Facebook-Australia standoff may have turned a corner

ICYMI: Facebook unfriended Australia this week after the government there proposed a legal code that would allow Australian news publishers to charge tech companies to use their content in search results and news feeds. Facebook responded by blocking users there from viewing or sharing news content on its platform. 

In a blog post February 17, William Easton, Facebook’s managing director for the Australia & New Zealand region, took a “this hurts you more than it hurts us” attitude to the affair, enumerating the restrictions Facebook intends to put in place as well as their consequences to both publishers and users of the platform. To sum up: “People and news [organizations] in Australia are now restricted from posting news links and sharing or viewing Australian and international news content on Facebook,” Easton wrote. 

Back to the table post-ban. The faceoff may have turned a corner, as Josh Frydenberg of Australia’s Treasury department said he spoke with Facebook CEO Mark Zuckerberg on Friday about continuing the conversation over the weekend.

As of this writing, the News Media and Digital Platforms Mandatory Bargaining Code has not been passed pending further negotiations between the Australian government, tech companies, and media outlets, the most notable of which is Rupert Murdoch’s News Corp. 

News Corp Australia Executive Chairman Michael Miller said that referral traffic from the platform disappeared Thursday, while “direct traffic to our websites was up in double digits,” a Time-Warner news outlet in the region reported.

PSAs caught in Facebook’s collateral damage. Facebook’s block includes not only news organizations but also Australian government websites including a weather service and a state health agency. Facebook said that the sites were inadvertently blocked because the proposed measure did not define “news content” clearly enough.

Response elsewhere has been more tempered. For its part, Google responded to the proposed legislation by beginning negotiations directly with news outlets including News Corp.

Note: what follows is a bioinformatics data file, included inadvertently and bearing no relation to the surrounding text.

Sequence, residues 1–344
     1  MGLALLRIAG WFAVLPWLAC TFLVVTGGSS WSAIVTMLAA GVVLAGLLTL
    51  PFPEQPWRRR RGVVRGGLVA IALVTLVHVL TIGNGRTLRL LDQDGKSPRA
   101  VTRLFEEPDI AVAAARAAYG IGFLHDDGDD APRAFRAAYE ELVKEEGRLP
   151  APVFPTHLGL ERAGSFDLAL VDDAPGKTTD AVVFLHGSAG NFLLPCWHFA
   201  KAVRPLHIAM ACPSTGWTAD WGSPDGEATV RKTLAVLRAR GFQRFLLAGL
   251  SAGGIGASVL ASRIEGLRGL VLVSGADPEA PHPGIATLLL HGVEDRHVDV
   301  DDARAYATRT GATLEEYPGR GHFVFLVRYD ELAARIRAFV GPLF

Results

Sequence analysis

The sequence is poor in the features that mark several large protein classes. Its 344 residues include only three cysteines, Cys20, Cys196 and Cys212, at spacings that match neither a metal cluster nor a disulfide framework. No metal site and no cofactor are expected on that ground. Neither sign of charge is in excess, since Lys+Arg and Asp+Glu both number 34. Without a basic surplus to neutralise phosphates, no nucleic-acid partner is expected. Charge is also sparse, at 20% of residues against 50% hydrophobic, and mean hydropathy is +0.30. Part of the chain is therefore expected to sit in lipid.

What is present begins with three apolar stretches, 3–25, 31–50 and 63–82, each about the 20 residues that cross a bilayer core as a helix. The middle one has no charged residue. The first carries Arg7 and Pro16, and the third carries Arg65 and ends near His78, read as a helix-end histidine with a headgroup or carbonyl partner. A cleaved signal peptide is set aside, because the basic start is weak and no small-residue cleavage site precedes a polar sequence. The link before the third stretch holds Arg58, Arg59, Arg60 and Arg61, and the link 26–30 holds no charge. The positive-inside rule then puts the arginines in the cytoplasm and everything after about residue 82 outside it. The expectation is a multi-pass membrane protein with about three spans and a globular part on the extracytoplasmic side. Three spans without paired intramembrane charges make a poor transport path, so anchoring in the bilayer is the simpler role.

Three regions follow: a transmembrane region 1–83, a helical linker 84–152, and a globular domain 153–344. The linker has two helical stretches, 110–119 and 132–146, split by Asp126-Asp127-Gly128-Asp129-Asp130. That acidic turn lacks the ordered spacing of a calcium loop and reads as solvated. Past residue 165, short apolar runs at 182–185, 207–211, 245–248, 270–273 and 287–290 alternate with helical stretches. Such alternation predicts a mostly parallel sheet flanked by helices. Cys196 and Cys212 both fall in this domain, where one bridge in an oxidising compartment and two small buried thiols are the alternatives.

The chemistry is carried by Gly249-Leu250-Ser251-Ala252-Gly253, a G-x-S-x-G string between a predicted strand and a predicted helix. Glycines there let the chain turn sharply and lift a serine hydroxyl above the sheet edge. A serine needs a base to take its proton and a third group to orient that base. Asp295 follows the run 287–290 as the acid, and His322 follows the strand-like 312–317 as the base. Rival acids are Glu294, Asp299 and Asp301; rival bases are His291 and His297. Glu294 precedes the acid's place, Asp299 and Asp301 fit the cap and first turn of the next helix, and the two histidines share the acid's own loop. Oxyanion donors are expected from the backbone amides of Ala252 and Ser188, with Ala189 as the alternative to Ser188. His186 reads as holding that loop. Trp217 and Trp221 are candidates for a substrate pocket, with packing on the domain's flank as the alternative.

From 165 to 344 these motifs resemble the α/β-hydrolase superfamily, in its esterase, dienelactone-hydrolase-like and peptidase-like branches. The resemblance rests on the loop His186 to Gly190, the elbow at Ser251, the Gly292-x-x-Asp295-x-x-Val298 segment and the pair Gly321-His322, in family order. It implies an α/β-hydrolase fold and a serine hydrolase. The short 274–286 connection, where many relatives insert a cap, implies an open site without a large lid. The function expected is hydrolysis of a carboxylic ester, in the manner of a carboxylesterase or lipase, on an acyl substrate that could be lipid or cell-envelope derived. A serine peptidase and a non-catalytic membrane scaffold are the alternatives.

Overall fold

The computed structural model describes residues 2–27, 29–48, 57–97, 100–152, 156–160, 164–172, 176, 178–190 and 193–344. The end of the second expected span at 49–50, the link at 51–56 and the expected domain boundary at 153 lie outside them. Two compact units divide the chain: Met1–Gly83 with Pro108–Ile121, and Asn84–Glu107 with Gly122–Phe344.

Response across the media industry and governments appears to come down on the side of the government: “The code is necessary to ensure that journalism, content producers and news media are fairly paid by giants Google and Facebook that profit from the content,” Luke Taylor, COO and founder of Perth, Australia-based ad fraud mitigation solution TrafficGuard, said in a statement Thursday. “It comes down to all media outlets having a say in how their intellectual property is managed and fair compensation for independent journalism.” 

Why We Care: What does it mean for marketers that live downstream from news sites? And if Facebook can thumbs-down an entire continent’s move to support parity between tech giants and news publishers, what’s to stop them from blocking similar efforts in other sectors or countries? Marketers may benefit from developing solutions that offer a detox from dependence on tech monoliths and walled gardens. 

This story first appeared on MarTech Today.


About The Author

Kim Davis is the Editorial Director of MarTech Today. Born in London, but a New Yorker for over two decades, Kim started covering enterprise software ten years ago. His experience encompasses SaaS for the enterprise, digital- ad data-driven urban planning, and applications of SaaS, digital technology, and data in the marketing space. He first wrote about marketing technology as editor of Haymarket’s The Hub, a dedicated marketing tech website, which subsequently became a channel on the established direct marketing brand DMN. Kim joined DMN proper in 2016, as a senior editor, becoming Executive Editor, then Editor-in-Chief a position he held until January 2020. Prior to working in tech journalism, Kim was Associate Editor at a New York Times hyper-local news site, The Local: East Village, and has previously worked as an editor of an academic publication, and as a music journalist. He has written hundreds of New York restaurant reviews for a personal blog, and has been an occasional guest contributor to Eater.

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